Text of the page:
5 Questions for Explorer Wade Davis

A few thoughts on the No Strangers exhibition at the Annenberg

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Photograph courtesy of the Annenberg Space for Photography

In addition to having one of the best job titles ever – Explorer in Residence at the National Geographic SocietyWade Davis has one of the most amazing home libraries in the world. As of this week, he’s also the winner of the prestigious Samuel Johnson Prize for Non-Fiction, which he received for his 15th book, Into the Silence: The Great War, Mallory and the Conquest of Everest. On the local front, the illustrious anthropologist, writer, TV producer, and amateur photographer curated the newest exhibition at the Annenberg Space for Photography.

No Strangers: Ancient Wisdom in a Modern World,” which opens tomorrow and runs through Feb. 23, is a group show that features loads of gorgeous photos shot in dozens of countries. The images include the monks of the Shaolin Temple (yes, it’s real), the Dinka people of Sudan, tribal hunters in Borneo’s Sarawak region, and tons more. The images are gorgeous and heartbreaking. As Angela Beckwith and Carol Fisher, two of the 10 featured photographers, point out: They have been working on the African continent for more than 35 years, documenting 150 different cultures and during that time, many of the lifestyles they photographed have disappeared.

We had a chance to sit down with Wade Davis and ask a few questions about his work, the exhibition, and his upcoming adventures.

What’s it like being an Explorer in Residence at the National Geographic Society?
It’s like being in a giant sandbox. The genesis of the program came about as they were going into their second century. They decided that unlike their rivals they didn’t want to just report science, they wanted to support it. My mission is to draw attention to the plight of disappearing cultures and to help preserve them, not to celebrate the exotic other. While we’ve been engaged in technological invention and wizardry, the other peoples of the world haven’t exactly been idle. For example: the aboriginal people of Australia, whose ethos was not to improve on the world but to keep it exactly the same.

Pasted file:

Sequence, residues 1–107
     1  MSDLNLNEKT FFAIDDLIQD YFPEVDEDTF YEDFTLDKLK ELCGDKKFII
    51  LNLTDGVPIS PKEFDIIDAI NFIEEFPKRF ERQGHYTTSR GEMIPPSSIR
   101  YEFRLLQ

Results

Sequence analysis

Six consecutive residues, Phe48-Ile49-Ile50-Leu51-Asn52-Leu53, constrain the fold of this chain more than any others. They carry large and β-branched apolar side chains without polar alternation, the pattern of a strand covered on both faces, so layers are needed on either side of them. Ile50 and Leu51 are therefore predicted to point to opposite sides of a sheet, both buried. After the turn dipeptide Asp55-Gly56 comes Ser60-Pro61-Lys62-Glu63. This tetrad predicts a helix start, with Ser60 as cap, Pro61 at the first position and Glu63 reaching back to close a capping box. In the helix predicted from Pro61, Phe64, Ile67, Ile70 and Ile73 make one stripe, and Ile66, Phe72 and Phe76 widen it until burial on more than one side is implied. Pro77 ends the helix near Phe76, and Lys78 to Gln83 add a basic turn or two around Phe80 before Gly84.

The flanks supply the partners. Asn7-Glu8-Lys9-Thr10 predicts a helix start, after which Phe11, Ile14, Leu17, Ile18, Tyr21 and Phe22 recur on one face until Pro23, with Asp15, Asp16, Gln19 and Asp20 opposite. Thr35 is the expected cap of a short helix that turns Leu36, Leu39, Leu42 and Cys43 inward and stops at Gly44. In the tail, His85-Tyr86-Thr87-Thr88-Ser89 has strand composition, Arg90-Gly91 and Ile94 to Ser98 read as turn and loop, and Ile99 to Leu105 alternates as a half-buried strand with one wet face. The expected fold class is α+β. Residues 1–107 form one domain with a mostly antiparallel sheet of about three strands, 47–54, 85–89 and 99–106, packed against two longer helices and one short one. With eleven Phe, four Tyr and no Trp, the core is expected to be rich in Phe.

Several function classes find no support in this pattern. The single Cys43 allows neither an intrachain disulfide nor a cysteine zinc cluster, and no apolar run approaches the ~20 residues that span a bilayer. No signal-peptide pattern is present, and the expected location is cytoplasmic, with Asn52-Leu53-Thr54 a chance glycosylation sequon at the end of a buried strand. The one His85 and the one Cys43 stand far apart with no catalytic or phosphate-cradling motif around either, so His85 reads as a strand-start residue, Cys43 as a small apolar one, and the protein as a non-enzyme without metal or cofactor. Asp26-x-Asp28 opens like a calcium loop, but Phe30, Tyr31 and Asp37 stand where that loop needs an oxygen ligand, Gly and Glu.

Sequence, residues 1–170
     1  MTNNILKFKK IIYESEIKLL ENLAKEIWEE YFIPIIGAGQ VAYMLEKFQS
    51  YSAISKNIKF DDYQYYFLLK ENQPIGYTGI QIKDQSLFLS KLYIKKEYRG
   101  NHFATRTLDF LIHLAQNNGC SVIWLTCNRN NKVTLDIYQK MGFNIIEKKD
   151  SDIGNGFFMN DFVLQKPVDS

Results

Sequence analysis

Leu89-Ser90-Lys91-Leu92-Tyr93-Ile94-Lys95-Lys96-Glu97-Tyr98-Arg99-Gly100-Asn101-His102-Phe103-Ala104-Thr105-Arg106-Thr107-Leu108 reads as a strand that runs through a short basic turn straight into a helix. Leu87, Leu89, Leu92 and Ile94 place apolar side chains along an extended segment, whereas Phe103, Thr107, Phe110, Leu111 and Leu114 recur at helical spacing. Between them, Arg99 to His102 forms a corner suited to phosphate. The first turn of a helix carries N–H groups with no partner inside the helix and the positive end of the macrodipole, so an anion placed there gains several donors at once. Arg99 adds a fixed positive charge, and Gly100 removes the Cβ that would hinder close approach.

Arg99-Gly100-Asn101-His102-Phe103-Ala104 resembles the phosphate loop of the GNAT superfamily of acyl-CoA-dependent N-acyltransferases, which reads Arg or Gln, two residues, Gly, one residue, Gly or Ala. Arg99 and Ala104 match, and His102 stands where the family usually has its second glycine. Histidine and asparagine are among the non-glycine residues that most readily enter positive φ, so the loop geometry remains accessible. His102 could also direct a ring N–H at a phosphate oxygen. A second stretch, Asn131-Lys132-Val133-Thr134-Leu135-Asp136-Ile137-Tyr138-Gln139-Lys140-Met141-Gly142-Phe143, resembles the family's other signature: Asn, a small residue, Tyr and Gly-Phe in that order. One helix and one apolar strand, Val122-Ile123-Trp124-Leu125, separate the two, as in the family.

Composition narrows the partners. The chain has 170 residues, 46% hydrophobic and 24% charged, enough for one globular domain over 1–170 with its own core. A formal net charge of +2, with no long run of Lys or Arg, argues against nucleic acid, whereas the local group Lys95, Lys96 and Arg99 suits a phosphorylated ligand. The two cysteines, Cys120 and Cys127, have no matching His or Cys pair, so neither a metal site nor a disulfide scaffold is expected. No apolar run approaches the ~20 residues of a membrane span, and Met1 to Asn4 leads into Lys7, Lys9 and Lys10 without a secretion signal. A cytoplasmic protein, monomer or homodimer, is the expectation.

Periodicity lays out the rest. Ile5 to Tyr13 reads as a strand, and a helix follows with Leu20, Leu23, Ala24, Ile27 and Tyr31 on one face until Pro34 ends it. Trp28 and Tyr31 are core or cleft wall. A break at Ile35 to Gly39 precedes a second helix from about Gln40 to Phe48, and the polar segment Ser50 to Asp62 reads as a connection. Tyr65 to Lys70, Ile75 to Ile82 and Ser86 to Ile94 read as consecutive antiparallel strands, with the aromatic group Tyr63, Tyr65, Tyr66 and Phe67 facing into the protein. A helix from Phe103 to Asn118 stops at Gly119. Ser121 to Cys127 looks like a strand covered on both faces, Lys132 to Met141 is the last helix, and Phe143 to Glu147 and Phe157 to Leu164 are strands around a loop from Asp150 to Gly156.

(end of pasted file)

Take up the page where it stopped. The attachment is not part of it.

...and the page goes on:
How does telling the story of a culture differ in words than in images?
I’m almost not the person to ask. There’s a huge difference between me and real photographers who tell real stories through their images. For me, photography is more of a pastime than a pursuit. But whatever the medium, the idea is the same: to move people.

How has your writing about other cultures changed since your first book, The Serpent and the Rainbow?
First of all, I know how to write now. That was the book that taught me how to write. I was very fortunate that I never thought of myself as a writer; it allowed me to develop my own voice. I don’t mean to be precious, but I think of myself as a storyteller. I wrote Serpent and the Rainbow holed up in a cabin in Virginia for seven months. But there’s research and there’s Xeroxing, which is what a lot of people do. For the Everest book [Into the Silence] I went through 80 archives — and it took me 12 years.

One of your big influences is the Harvard ethnobotanist Richard Evans Schultes. Who are your influences in photography?
I was very fortunate at grad school in that I had two great mentors, David Maybury-Lewis and, here at UCLA, Johannes Wilbert. In photography, I have been lucky to be in the field with so many great National Geographic photographers. I never had a real job. I didn’t come from money, but I was viscerally incapable of employment. I never set out to be the architect of my own life, but I’m glad I was.

What’s your next adventure?
National Geographic has asked [documentary photographer] Chris Rainier and I to go to the five wildest places in the world.

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